To get this out of the way first. I don't think Christopher Eccleston will ever be regarded as a great Doctor Who -- nowhere near the Tom Baker or Jon Pertwee league. Eccleston just doesn't seem to believe he's our Doctor -- he's just an actor who's landed a pretty good gig.
But he, and his companion Rose (Billie Piper) are only minor ingredients in this new series. The 'Doctor Who' series never really depended on who was playing the role at the time -- the strength was the story-telling.
And this time around, the story-telling is particularly strong. On this disc are the first three episodes from the latest series. First off, we're in present-day times as the Doctor meets his latest companion Rose and is threatened by plastic dummies who come to life (a nice reference to early Doctor Who monsters, the Autons, battled back then by Jon Pertwee).
Then it's off to the unforeseeable (for us) future, five billion years from now, for a ringside seat as our Sun explodes and devours the Earth. Fellow spectators include intelligent trees in humanoid form, and the very last pure Earth-being left in the Universe -- apart from Rose of course, who is really an interloper in this era. Most of the participants are here to see the end of our world. But one is there to kill.......
Finally, we're whizzed back to the near-past, to Christmas 1869. It's dark and creepy and the dead are walking. In an episode written by Mark Gattis from The League of Gentlemen, this is impeccable BBC costume-drama -- a ghost story of the best Doctor Who sort, as the good Doctor and Rose team up with Charles Dickens (Simon Callow) to find out what is going bump in the night.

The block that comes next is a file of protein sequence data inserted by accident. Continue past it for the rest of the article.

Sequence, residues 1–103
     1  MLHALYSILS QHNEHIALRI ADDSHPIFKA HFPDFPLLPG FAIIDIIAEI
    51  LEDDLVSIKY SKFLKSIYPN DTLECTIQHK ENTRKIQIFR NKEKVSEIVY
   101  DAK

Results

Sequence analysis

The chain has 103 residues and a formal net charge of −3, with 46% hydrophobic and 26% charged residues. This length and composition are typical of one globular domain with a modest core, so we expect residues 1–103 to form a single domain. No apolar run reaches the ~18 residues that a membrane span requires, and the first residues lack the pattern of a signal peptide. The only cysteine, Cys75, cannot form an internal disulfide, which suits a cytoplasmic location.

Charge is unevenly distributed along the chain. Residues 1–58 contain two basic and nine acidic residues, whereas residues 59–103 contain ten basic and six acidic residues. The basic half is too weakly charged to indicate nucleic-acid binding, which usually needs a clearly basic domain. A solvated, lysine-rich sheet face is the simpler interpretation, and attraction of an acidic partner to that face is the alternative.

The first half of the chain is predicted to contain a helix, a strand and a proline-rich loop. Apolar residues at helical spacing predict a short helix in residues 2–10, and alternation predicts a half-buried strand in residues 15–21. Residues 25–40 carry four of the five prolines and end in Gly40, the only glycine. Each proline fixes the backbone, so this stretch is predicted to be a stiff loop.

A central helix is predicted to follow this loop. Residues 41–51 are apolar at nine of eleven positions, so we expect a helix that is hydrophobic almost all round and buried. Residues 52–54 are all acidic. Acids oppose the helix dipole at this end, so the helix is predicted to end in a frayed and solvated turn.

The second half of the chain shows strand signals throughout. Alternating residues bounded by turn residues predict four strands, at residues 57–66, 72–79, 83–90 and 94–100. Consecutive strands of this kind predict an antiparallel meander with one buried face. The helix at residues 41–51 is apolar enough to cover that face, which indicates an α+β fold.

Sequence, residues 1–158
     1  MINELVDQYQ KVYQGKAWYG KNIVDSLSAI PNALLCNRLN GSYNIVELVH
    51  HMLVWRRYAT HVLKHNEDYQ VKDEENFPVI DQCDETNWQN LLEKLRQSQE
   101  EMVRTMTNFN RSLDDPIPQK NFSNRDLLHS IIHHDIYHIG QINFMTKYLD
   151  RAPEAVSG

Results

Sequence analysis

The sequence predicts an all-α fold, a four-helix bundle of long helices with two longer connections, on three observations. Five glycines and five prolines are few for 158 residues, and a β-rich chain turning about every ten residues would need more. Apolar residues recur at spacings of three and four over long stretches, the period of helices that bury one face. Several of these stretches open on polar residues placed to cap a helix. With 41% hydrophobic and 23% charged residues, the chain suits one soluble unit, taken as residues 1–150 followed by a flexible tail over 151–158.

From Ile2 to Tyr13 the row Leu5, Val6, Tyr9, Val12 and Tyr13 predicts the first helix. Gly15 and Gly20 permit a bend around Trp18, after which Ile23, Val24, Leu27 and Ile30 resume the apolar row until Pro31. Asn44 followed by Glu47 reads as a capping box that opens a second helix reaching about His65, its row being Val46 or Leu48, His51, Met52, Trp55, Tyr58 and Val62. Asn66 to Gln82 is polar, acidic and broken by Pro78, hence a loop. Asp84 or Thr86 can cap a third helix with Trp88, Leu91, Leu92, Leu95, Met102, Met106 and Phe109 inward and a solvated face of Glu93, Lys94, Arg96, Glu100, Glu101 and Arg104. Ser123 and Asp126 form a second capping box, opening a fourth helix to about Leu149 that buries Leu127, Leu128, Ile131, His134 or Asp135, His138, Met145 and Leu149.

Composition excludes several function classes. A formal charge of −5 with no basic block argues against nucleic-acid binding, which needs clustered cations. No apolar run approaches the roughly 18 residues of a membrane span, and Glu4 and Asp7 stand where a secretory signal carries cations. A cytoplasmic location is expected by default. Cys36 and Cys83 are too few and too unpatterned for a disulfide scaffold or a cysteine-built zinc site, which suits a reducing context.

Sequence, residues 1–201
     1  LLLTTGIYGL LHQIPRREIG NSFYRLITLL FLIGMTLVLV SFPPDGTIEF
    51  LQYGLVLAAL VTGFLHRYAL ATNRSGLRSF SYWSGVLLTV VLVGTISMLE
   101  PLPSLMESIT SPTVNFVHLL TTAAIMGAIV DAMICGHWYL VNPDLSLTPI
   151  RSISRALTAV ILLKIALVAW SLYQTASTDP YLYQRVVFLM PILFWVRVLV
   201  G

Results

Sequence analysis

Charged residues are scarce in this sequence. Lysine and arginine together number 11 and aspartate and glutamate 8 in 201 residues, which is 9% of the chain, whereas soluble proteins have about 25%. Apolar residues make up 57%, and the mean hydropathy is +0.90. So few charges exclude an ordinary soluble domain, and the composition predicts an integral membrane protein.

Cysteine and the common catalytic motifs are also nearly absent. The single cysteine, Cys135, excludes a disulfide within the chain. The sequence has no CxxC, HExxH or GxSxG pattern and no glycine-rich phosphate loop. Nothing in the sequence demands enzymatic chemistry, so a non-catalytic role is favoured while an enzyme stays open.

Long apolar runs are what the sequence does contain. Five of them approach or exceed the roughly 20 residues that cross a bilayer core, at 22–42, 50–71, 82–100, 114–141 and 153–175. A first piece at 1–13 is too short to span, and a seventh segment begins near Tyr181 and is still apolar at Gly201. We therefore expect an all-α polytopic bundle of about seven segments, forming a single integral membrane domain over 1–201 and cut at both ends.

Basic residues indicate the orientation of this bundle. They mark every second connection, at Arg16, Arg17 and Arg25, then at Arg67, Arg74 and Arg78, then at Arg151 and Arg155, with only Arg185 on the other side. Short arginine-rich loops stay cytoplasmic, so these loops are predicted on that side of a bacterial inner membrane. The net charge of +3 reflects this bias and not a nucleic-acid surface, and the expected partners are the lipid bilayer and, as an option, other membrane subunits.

Yes, the storytelling is up to the best Doctor Who standard. What isn't the same though are the special effects. They're simply in a league of their own. The old Doctor Who production teams could not have imagined creating universes and effects as real and as detailed as these -- in this series, Doctor Who has taken a mighty leap forward into the 21st Century.
Good thing though is that the new-found technical mastery hasn't overwhelmed the basic sound storytelling and acting, which was always the key to the Doctor's success -- along with the constant implicit humour, which is here too at just the right measure.
Yes, we have him back, but with more added. This is the new super-Doctor Who, with added value. Can't wait for the next volumes in this present series -- and to find out who, in good time, will be the face of the next Doctor Who series.
The sound is your conventional two-channel Stereo, but strong and beautifully delivered for all that.
The last of the old Doctor Who series presented updated theme music in a twee, watered-down tinkly electronic form which pretty well destroyed the strength of the radiophonic workshop original. Fans will rejoice to know that the latest version, while updated yet again, is terrific -- it's a powerful and persuasive new version of the old theme, with the new material seeming to be playing alongside the old, in a scintillating counterpoint. Great stuff.
It's a shame the new series is being released only one disc and three episodes at a time; we should have been given the option of collecting the complete set in a special edition. But despite that quibble, and despite the lack of any extra features of any kind, it's still a quality edition -- this series is definitely worth collecting.
QUICK UPDATEJust a few hours after writing this, and thanks to reader David Gascoigne, I can report that if you're willing to wait, you may well find that a special complete set, in Tardis-shaped packaging and replete with extra features (maybe a Dalek or two) will be marketed towards the end of the year.